Panasonic Lumix DMC-LZ2 review

A fast and easy-to-use compact contender

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Our Verdict

Its large zoom range, good build quality and quirky features make the LZ2 a real entry-level contender

There's a wider range of 5-megapixel cameras available at the moment than any other resolution, and the reasons for this are clear.

Five-megapixels is a large enough resolution to print well at A4 size but it can still squeeze onto the small 1/2.5-inch sensors that live at the heart of today's tiny cameras. In addition, 5-megapixel chips have been around long enough to have had most of their problems worked out, and prices have fallen steadily.

From the outside, the DMC-LZ2 doesn't look very different from any other traditionally styled compact. The champagne ABS shell has just a small amount of smooth metal detailing around the lens and, ironically, where you need it least, on the right-hand side grip.

The LZ2's 6x optical zoom's twice the focal length range of most compacts, and the extra reach is immediately noticeable when you start shooting. Zooming's swift and silent, but it takes a moment to 'wake up', even after the camera's switched on.

Panasonic relies on its OIS (optical image stabiliser) system to iron out any camera shake at the telephoto end, and the system's so competent and pain-free that it's worth keeping it on all the time. In Mode 1, the OIS works continually, making framing easy, but Mode 2 (activated only when the shutter's released) is better at stabilising in darker conditions.

No viewfinder

Talking of which, there's no optical viewfinder and the contrasty 2-inch display struggles in dim conditions, so pick your low light scenes carefully. The built-in flash belies its minuscule dimensions by belting out a good whack of illumination.

Both coverage and power are fine, and flash exposure is well judged. Slow synch is impressive, as long as you keep the OIS turned on. You can't expect SLR-like functionality at this price and, sure enough, there are no exposure modes other than Auto, and no metering options. While you can force a slow shutter (from 1/8 to 1 second), you'll need to use a tripod as no image stabiliser can eliminate blur at those speeds.

Focusing is more flexible, with a slightly confusing choice of four modes. Centre and Spot are straightforward but the Three-area and Five-area modes are less obvious. Basically, they decide for themselves what to lock onto in their respective zones. They tend to opt for the closest subjects, presumably to avoid blurred portraits with sharp backgrounds.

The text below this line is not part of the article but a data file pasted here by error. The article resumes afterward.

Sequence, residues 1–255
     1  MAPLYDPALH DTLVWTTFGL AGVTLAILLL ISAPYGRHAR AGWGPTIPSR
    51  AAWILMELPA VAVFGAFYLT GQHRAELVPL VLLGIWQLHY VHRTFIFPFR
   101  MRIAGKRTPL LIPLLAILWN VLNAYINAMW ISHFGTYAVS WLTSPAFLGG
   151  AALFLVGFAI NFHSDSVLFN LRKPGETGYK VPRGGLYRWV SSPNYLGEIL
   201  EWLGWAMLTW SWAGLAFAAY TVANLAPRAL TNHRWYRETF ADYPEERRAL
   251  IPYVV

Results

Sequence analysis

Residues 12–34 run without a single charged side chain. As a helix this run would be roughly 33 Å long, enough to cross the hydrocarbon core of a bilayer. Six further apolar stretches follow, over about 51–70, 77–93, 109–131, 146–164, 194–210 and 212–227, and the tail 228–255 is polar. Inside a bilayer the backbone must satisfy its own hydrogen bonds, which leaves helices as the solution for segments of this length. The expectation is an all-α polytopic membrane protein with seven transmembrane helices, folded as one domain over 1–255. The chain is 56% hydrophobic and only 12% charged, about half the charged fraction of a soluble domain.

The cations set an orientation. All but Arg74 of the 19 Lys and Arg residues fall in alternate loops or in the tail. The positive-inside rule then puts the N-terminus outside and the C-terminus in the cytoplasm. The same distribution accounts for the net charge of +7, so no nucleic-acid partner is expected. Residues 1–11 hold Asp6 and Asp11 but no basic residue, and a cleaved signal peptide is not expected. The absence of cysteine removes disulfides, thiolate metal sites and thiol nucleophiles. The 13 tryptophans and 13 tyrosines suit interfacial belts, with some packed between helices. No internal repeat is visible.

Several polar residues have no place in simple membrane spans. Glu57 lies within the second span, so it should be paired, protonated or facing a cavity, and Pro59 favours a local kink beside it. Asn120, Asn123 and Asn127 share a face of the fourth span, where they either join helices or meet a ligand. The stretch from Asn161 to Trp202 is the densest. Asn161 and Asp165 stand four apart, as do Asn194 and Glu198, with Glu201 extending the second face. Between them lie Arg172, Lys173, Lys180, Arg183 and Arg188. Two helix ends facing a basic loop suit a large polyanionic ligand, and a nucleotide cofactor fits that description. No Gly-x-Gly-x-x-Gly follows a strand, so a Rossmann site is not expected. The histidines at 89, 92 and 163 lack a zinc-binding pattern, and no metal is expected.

The Macro mode is good, focusing down to 5cm at wideangle and offering a creditable 50cm tele-macro. Sensitivity runs from ISO 80 to 400 (200 in Auto mode) and there's the usual choice of white balance presets, colour effects and sharpness tweaks. You can preset two different Scene modes (from Portrait, Sports, Scenery, Night scenery, Night portrait, Fireworks, Party and Snow) onto the main Mode dial for easy access. The Economy mode dims the LCD backlight and turns the screen off faster than any power-save setting, to eke out every last electron from your batteries.

The LZ2 is one of the first cameras to be optimised for Panasonic's new oxyride batteries. These disposable cells have been designed for use with high-drain gadgets like digital cameras, delivering a slightly over-spec voltage of 1.7V for faster fl ash charging.

In some tests, they've lasted twice as long as the best alkaline batteries, while they cost around the same. For environmental considerations at least, you should buy a brace of good quality rechargeable AAs to fit the LZ2, but it's certainly worth having some oxyrides in your camera bag as back up.

Panasonic's Venus Engine Plus LSI processor keeps shutter delay and processing times down, but noise remains a real problem from the 1/2.5-inch sensor. ISO 80 and 100 images are fine, ISO 200 is grainy and shaded areas of ISO 400 images are a mess of blurred edges and colour noise.

Burst mode is much better proposition, with a High-speed mode of three frames (max size and quality) in one second, or an Infinity mode shooting at 1.5fps with no limit. As a nice touch, you can leave it in Infinity mode permanently, with the flash setting simply overriding it as necessary. Movies are smooth (30fps) but slightly old-fashioned at just 320 x 240-pixels in size.

The LZ2's image quality is fine, thanks to sensible exposure and bright, bold colours. The 6x lens shows its budget origins, with fringing at wide-angle settings and a noticeable softness towards the corners - frame with this in mind. But if you can handle those defects, and the screaming noise at ISO 400, this is yet another competent, fast, easy-to-use compact from the Panasonic stable. Mark Harris

Via PhotoRadar